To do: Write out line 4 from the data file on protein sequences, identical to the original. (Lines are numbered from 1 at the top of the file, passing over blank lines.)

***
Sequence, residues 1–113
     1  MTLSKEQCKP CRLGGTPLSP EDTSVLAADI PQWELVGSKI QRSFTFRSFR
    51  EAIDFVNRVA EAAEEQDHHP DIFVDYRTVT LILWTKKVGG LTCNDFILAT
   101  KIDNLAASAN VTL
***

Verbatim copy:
   101  KIDNLAASAN VTL